Mao Juan, a native of Leishan (a county in Qiandongnan Miao and Dong Autonomous Prefecture, in Southwest China's Guizhou Province), is the third-generation inheritor of the craft of making Leishan Yinqiu (silver ball) Tea. It has been many years, but Mao clearly remembers how excited she was when her grandfather, Mao Kexi, told her how he created the tea dozens of years ago.
In 1980, Mao Kexi, who was then a worker with the Leishan Scientific and Technological Commission, volunteered to lead residents of Juesan (a Miao village in Danjiang, a town in the prefecture) in reclaiming a tea park (in the village). Given their tremendous efforts, the park was densely covered with verdant tea trees two years later. In addition, Mao Kexi led the residents in building a new tea park in the village.
"One day, my grandpa brainstormed a good idea to make tea: Use tea's pectin to make teaballs, which was different from bulk tea, brick tea and other common tea products in the market," recalls Mao Juan. "Through repeated experiments, Grandpa created the teaballs in 1982. He obtained a Chinese patent for the tea-making craft."
When asked why her grandfather named the tea "Leishan Yinqiu Tea," Mao Juan replies, "The teaballs look like silver bells on Miao women's traditional costumes. Also, the teaballs resemble ping-pong balls. During the 1980s, China won the World Table Tennis Championships, consecutively."
Mao Juan will never forget her grandfather's last words, "My dear little girl, you should try your best to strive for the Party (Communist Party of China)'s membership. You should also promote our family's tea industry, and help more residents eradicate poverty and attain wealth by offering them employment."
Mao Hua, Mao Juan's father, took over Mao Kexi's enterprise, Guizhou Leishan Maokexi Tea Co., Ltd., in 2013, shortly after the elderly man passed away. Given Mao Hua and his employees' tremendous efforts to promote the traditional tea-making craft, Leishan Yinqiu Tea earned the company the first prize of green tea during the First Guizhou Tea Competition, which was held in Guiyang (capital of Guizhou Province) in May 2015.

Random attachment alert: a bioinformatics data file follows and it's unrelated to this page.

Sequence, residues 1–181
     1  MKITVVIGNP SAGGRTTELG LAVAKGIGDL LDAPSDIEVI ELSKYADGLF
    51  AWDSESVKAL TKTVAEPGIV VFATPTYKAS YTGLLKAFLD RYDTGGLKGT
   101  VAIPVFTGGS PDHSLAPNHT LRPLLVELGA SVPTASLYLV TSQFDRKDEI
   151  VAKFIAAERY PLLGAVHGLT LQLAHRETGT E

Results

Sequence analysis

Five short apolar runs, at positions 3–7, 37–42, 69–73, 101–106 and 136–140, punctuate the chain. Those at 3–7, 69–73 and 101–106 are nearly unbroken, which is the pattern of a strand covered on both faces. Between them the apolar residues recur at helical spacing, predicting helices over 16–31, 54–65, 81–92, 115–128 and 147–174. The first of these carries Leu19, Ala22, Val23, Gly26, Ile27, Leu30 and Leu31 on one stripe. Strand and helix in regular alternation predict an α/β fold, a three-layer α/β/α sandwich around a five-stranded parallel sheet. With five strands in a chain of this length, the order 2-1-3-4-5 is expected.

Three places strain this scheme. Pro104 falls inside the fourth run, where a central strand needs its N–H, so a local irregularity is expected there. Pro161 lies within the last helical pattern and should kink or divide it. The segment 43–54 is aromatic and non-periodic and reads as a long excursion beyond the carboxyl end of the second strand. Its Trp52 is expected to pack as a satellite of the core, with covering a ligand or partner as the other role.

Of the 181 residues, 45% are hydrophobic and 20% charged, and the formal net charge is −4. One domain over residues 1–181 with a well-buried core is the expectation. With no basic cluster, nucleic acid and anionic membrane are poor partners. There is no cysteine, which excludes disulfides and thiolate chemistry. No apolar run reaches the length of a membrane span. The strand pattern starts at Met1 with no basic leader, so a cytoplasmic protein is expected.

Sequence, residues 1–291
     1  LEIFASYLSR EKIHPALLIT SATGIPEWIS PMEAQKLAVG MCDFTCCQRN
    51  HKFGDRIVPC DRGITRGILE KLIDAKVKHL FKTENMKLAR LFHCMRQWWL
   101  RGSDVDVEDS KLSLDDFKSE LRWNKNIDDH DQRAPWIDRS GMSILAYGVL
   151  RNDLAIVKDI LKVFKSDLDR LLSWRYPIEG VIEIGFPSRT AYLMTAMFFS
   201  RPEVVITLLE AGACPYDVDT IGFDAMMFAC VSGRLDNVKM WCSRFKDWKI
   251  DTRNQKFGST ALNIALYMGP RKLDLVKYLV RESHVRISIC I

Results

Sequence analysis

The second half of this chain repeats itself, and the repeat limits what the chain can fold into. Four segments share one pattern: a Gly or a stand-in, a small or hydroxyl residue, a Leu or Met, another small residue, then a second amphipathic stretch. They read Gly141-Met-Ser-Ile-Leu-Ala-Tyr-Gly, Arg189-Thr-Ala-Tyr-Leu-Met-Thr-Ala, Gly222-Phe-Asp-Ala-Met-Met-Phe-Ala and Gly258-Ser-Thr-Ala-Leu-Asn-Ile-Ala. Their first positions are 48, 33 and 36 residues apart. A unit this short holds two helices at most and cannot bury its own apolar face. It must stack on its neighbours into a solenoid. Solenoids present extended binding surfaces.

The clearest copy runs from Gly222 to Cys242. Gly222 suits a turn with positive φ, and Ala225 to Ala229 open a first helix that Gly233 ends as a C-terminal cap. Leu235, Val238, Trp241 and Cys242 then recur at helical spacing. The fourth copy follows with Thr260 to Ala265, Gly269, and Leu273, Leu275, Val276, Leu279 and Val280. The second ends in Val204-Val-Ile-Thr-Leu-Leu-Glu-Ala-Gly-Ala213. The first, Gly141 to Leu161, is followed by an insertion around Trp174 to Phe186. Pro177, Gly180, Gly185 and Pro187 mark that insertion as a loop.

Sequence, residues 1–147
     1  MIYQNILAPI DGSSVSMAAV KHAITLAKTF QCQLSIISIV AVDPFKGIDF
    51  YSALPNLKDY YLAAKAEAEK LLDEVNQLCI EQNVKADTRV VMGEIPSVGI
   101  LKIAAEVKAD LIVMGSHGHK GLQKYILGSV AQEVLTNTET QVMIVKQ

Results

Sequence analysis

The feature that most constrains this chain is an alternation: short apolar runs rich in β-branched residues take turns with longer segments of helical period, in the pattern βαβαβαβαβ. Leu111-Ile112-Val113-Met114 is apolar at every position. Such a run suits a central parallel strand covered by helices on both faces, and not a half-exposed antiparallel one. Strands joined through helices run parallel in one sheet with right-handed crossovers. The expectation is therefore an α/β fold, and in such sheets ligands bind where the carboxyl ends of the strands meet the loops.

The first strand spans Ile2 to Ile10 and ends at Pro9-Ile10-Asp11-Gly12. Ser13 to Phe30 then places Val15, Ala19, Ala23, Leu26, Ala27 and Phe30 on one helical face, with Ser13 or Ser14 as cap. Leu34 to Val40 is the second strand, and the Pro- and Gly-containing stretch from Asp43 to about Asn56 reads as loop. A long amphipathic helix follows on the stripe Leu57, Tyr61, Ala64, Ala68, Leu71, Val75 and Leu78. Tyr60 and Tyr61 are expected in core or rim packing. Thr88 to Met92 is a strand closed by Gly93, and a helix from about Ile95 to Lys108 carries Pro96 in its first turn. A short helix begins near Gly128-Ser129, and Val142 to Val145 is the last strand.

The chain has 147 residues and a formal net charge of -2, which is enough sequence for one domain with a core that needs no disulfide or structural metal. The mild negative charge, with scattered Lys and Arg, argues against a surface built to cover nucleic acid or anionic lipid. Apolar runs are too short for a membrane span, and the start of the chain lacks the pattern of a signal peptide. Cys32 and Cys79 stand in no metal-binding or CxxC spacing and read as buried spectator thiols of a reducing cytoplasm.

As her parents grew old and frail, Mao Juan felt obliged to do something to promote the traditional craft. In 2017, Mao Juan gave up her "iron rice bowl," at Leishan Tourist Administration, and picked up the "baton" (of promoting the development of her family's tea-making craft) from her father.
During the past several years, Mao Juan and her employees have put a lot of effort into expanding the market. For example, they have been to various regions of the country to attend tea shows, during which they have asked participants to taste their tea. Mao Juan and her employees have also promoted their tea products via new media (including Douyin [Tik Tok China] and/or live online shows), so their products might attract more customers. Many customers have been impressed by the tea's package paper, painted with patterns that embody the Miaos' traditional cultural elements.
Guizhou Leishan Maokexi Tea Co. generated more than 22 million yuan (US $ 3 million) in revenue during the past year. The company's rapid development should be attributed, in part, to the efforts of Mao Juan and her employees to promote, both online and offline, their products across the country. Given the sound development of Mao's company, many job opportunities have been created for rural residents.
In 2020, China National Intellectual Property Administration designated Leishan Yinqiu Tea as a product with geographical indicator (GI, a name or sign used on products that correspond to a specific geographical location or origin).
The following year, Guizhou's department of commerce designated the company as a time-honored enterprise in Guizhou. The tea was well received by many participants of the Fourth China International Tea Expo, which was hosted by China's Ministry of Agriculture and Rural Affairs and the People's Government of Guizhou Province in May 2021. The event was held in Hangzhou, capital of East China's Zhejiang Province.
Given the sound development of her business, Mao Juan is able to employ more than 3,000 rural residents of Leishan to cultivate tea. The company buys farmers' tea at a preferential price, and processes the tea before selling it.
In June 2020, Mao Juan joined the Party. She was pleased she had realized both her and her grandfather's dream. Shortly after that, she created serial tea products named "Grandpa's Story." She says, "I want to share Grandpa's life story with more people, so they will learn from him, who had an indomitable spirit and selfless dedication to his career. I also hope through the story, more people will understand the historical development of our tea."
Photos Supplied by Guizhou Women's Federation
(Women of China English Monthly July 2022 issue)
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